Short-yardage passing had a good year, except at the end of the Super Bowl. We look at the return of quarterback runs, the rise in pass-happy strategy, and 2014 success rates for offense and defense.
17 Mar 2010
by Bill Barnwell
In this final look back at our Wisdom of Crowds features from before the 2009 season, I'll be reviewing how the performance of wide receivers and tight ends matched up with what really happened this past year.
For reference, to generate the "predicted" lines for this feature, I asked my followers on Twitter to come up with the final reception, receiving yard, and receiving touchdown totals for a variety of receivers, assuming in the process that each would make it through a 16-game season. You can read the initial articles reporting the predictions here, here, here, and here.
Predicted: 70 receptions, 986 receiving yards, 8 TD
Actual: 55 receptions, 829 receiving yards, 5 TD
Whether you want to blame it on the quarterback play, the injuries up front, or T.O.'s own performance, this wasn't what the Bills paid for. I didn't think Owens would come close to the 14.1 yards per catch users predicted, seeing his issues as a vertical threat in 2008 in Dallas, but he actually hit 15 yards per reception in Buffalo. Of course, take out one 98-yard touchdown pass, and Owens falls to 13.5 yards per catch.
Predicted: 64 receptions, 922 receiving yards, 7 TD
Actual: 57 receptions, 757 receiving yards, 3 TD
The issues with Chicago's offensive line helped produce the 2009 line above, with porous pass blocking that forced Jay Cutler into scrambling or getting rid of the ball earlier than he hoped. That prevented Hester from getting downfield and took away the threat of the double move. His play clearly regressed as the season went along, which was disconcerting.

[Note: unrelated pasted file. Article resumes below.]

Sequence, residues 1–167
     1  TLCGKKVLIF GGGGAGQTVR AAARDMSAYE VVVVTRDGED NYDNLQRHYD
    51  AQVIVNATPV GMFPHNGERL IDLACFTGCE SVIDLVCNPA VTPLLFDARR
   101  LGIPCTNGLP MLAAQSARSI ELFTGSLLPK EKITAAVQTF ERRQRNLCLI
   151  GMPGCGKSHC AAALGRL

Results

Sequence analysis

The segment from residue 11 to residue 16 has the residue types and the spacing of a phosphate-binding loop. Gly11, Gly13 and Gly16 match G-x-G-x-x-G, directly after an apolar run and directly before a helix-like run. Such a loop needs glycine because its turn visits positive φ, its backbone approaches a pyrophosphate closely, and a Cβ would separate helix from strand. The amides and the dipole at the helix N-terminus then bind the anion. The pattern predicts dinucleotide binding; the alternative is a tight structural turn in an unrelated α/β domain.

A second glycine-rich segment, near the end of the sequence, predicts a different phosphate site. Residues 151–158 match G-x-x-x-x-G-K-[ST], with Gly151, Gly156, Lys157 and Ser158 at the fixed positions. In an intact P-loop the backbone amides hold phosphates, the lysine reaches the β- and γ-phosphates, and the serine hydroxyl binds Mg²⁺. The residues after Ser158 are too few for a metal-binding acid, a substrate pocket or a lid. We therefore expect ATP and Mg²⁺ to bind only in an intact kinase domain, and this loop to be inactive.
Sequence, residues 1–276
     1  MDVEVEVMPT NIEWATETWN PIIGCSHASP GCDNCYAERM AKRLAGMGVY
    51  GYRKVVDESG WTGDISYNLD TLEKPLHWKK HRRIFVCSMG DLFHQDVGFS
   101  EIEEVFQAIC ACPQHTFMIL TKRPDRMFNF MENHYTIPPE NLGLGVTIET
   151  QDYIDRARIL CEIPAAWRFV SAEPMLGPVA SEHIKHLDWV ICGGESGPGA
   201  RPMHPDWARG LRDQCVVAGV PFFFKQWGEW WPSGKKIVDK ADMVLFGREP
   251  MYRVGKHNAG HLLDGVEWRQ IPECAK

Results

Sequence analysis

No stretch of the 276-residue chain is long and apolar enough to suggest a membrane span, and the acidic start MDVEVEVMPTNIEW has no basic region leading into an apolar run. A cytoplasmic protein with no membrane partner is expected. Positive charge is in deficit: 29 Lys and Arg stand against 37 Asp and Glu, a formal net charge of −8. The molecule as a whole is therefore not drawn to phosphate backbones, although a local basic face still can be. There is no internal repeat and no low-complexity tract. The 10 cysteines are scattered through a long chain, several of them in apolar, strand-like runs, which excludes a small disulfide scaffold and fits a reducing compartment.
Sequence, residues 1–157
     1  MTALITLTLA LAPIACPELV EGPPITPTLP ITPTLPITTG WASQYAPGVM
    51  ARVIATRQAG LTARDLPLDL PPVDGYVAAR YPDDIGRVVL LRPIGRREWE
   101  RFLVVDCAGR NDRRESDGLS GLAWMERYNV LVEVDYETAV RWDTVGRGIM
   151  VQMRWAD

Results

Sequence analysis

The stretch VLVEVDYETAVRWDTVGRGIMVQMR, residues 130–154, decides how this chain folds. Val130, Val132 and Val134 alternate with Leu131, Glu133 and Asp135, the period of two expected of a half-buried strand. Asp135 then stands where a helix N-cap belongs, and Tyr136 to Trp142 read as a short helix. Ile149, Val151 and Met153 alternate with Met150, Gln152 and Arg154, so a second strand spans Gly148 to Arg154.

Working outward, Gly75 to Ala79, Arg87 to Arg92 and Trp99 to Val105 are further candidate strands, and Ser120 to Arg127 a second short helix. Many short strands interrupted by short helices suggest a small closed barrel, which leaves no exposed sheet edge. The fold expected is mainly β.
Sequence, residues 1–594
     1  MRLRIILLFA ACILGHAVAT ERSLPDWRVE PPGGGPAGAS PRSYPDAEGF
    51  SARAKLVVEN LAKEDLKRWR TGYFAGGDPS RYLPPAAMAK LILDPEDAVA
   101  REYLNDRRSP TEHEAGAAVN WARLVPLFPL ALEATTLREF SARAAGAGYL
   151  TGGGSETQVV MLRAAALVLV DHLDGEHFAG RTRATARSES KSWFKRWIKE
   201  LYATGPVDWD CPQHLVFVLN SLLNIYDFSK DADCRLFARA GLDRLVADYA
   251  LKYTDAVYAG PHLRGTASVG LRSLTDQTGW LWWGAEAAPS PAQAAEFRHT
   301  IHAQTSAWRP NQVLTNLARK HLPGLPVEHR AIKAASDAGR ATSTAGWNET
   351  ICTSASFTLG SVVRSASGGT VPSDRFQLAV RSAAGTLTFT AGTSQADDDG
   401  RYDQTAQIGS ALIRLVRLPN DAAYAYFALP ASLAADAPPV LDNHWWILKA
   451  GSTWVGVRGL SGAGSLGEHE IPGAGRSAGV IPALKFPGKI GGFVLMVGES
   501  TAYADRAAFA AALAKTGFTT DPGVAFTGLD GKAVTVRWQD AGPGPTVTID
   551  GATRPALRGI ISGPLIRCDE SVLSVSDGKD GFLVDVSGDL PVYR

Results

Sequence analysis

Predicted: 68 receptions, 869 receiving yards, 5 TD
Actual: 51 receptions, 722 receiving yards, 0 TD
Holt was one of the players KUBIAK stood the farthest out on heading into 2009... because, well, there was no one on the Jaguars to throw to besides him. Holt started out as the number-one receiver, but as time went along, injuries and the emergence of Mike Sims-Walker made Holt the clear number-two. The result was a disappointing season that failed to meet either KUBIAK or the crowd's expectations.
Predicted: 62 receptions, 943 receiving yards, 6 TD
Actual: 39 receptions, 600 receiving yards, 4 TD
One of the league's most erratic players on and off the field, Bryant was a total question mark heading into 2009. Using ADP, we can infer that fantasy owners saw him as equal to DeSean Jackson, Bernard Berrian, and Lee Evans. He finished last in that group, struggling with groin and knee injuries while failing to develop any sort of rapport with Josh Freeman. The yards per catch figure predicted was within .1, though, which is nice.
Predicted: 70 receptions, 1129 receiving yards, 7 TD